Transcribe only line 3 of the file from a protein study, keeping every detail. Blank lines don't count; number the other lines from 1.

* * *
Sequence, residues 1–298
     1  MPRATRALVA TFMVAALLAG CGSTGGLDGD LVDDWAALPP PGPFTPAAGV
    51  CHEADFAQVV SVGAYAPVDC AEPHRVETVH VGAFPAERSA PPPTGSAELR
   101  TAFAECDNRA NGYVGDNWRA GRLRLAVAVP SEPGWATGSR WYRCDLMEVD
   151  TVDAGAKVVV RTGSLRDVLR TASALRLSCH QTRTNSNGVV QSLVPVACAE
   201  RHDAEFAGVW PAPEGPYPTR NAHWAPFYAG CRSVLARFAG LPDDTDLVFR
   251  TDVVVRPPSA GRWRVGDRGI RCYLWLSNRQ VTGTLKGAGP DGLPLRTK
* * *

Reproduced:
    51  CHEADFAQVV SVGAYAPVDC AEPHRVETVH VGAFPAERSA PPPTGSAELR